Achilles tendinitis (tendonitis) or Achilles tendon inflammation occurs when the Achilles tendon becomes inflamed, as a result, of the Achilles tendon being put under too much strain. The Achilles
tendon joins the calf muscles to the heel bone, and is found at the back of a person's lower leg. It is the largest tendon in the body and can endure great force, but is still susceptible to injury.
Achilles tendinitis is usually the result of strenuous, high impact exercise, such as running. If ignored, Achilles tendinitis can lead to the tendon tearing or rupturing, and therefore it is
important to seek the necessary treatment. Sometimes, treatment can be as simple as getting rest or changing an exercise routine. However, in more severe cases, surgery may be required.
Unusual use or overuse of the lower leg muscles and Achilles tendon is usually the cause of Achilles tendinitis. Repetitive jumping, kicking, and sprinting can lead to Achilles tendinitis in both
recreational and competitive athletes. Runners, dancers, and athletes over age 65 are especially at risk. Sudden increases in training or competition can also inflame your Achilles tendon. For
example, adding hills, stair-climbing, or sprinting to your running workout puts extra stress on your Achilles tendon. Improper technique during training can also strain the tendon. Intense running
or jumping without stretching and strengthening your lower leg muscles can put you at risk regardless of your age or fitness level. Running on tight, exhausted, or fatigued calf muscles can put added
stress on your Achilles tendon, as your tendon may not be ready to quickly start a workout after a period of inactivity. Direct blows or other injuries to the ankle, foot, or lower leg may pull your
Achilles tendon too far and stretch the tissue. A hard contraction of the calf muscles, such as can happen when you push for the final sprint in a race, can strain the tendon. People whose feet roll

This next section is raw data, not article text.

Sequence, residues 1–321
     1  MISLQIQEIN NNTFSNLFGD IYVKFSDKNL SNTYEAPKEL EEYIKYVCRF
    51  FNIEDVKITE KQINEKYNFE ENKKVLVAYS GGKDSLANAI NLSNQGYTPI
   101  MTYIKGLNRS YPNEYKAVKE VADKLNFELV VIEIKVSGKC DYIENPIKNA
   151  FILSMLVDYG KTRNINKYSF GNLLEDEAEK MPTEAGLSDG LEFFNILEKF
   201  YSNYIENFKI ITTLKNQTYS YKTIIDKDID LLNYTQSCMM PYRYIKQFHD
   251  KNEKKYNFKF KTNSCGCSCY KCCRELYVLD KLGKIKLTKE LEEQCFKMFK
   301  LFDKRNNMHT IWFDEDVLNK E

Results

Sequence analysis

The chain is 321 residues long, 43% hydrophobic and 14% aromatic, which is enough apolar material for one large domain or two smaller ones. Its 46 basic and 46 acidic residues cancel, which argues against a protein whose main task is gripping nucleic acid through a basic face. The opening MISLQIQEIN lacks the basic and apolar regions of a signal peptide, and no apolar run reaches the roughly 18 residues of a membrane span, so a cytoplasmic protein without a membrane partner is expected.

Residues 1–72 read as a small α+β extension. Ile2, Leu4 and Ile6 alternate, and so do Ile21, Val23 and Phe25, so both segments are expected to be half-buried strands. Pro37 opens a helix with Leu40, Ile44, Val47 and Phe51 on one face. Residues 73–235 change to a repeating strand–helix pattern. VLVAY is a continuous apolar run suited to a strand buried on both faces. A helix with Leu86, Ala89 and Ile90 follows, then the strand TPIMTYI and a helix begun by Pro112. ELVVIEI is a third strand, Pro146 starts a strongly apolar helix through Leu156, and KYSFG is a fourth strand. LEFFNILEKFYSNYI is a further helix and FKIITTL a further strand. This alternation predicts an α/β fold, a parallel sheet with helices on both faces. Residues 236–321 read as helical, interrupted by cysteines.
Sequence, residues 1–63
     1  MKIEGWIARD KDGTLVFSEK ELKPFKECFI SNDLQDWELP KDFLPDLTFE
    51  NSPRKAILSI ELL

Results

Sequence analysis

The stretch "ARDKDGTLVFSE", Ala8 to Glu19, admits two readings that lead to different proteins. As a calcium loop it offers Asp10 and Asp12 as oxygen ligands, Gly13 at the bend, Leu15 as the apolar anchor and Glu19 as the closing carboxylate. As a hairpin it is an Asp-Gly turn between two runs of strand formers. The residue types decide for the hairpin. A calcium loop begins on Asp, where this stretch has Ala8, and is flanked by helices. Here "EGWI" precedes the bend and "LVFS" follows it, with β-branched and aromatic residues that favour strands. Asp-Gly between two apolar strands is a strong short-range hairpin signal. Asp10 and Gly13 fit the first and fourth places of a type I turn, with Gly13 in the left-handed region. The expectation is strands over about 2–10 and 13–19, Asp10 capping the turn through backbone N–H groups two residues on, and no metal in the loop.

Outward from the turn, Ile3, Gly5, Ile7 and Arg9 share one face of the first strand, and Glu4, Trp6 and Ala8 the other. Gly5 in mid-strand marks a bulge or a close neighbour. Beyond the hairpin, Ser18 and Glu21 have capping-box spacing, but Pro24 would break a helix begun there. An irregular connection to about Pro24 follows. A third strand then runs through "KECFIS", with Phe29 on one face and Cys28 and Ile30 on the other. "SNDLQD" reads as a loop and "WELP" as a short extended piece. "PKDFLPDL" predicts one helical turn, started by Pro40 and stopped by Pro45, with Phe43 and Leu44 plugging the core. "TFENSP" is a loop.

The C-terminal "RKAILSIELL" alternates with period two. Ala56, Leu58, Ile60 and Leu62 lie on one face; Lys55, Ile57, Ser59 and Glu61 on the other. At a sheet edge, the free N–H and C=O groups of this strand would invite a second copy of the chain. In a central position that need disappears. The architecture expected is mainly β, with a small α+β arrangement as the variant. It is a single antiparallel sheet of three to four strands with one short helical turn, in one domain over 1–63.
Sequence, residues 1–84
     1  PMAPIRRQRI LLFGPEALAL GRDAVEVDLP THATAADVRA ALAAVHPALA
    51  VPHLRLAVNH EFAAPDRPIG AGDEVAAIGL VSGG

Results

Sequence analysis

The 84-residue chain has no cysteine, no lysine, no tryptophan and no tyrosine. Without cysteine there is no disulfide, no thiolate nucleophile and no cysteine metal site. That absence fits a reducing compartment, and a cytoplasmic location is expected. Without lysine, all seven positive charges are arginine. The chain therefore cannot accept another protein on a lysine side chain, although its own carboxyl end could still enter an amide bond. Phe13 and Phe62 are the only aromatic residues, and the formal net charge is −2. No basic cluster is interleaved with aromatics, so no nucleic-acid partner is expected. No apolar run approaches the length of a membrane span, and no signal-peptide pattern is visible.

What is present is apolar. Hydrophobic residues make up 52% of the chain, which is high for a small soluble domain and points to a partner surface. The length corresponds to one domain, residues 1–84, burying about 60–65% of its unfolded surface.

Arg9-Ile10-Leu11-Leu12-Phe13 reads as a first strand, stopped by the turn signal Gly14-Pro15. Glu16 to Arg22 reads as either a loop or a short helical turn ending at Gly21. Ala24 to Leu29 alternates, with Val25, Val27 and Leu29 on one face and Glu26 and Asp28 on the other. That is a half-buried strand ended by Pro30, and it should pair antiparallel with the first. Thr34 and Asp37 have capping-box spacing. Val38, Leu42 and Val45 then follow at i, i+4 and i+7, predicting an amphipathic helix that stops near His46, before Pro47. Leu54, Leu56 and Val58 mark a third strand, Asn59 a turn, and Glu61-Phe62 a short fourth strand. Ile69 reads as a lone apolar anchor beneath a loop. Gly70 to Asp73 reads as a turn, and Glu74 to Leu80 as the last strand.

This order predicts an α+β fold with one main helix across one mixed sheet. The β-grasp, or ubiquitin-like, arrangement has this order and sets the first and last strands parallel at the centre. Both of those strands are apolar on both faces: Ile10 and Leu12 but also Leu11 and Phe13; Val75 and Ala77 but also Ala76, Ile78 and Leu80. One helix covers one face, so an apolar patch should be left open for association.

inward, a condition called overpronation, are particularly at risk. Sometimes, shoes with too much heel cushioning put extra strain on the Achilles tendon.
The main symptom of Achilles tendonitis is a feeling of pain and swelling in your heel as you walk or run. Other symptoms include tight calf muscles and limited range of motion when flexing the foot.
This condition can also make the skin in your heel feel overly warm to the touch.
X-rays are usually normal in patients with Achilles tendonitis, but are performed to evaluate for other possible conditions. Occasionally, an MRI is needed to evaluate a patient for tears within the
tendon. If there is a thought of surgical treatment an MRI may be helpful for preoperative evaluation and planning.
Tendon inflammation should initially be treated with ice, gentle calf muscle stretching, and use of NSAIDs. A heel lift can be placed in the shoes to take tension off the tendon. Athletes should be
instructed to avoid uphill and downhill running until the tendon is not painful and to engage in cross-training aerobic conditioning. Complete tears of the Achilles tendon usually require surgical
Achilles tendon repair surgery is often used to repair a ruptured or torn Achilles tendon, the strong fibrous cord that connects the two large muscles in the back of your calf to your heel bone.
These muscles (the gastrocnemius and the soleus) create the power needed to push off with your foot or rise up on your toes. Achilles tendon ruptures are quite common. Most happen during recreational
activities that require sudden bursts of muscle power in the legs. Often a torn Achilles tendon can be diagnosed with a physical examination. If swelling is present, the orthopaedist may delay the
Achilles tendon surgery until it subsides.
A 2014 study looked at the effect of using foot orthotics on the Achilles tendon. The researchers found that running with foot orthotics resulted in a significant decrease in Achilles tendon load
compared to running without orthotics. This study indicates that foot orthoses may act to reduce the incidence of chronic Achilles tendon pathologies in runners by reducing stress on the Achilles
tendon1. Orthotics seem to reduce load on the Achilles tendon by reducing excessive pronation,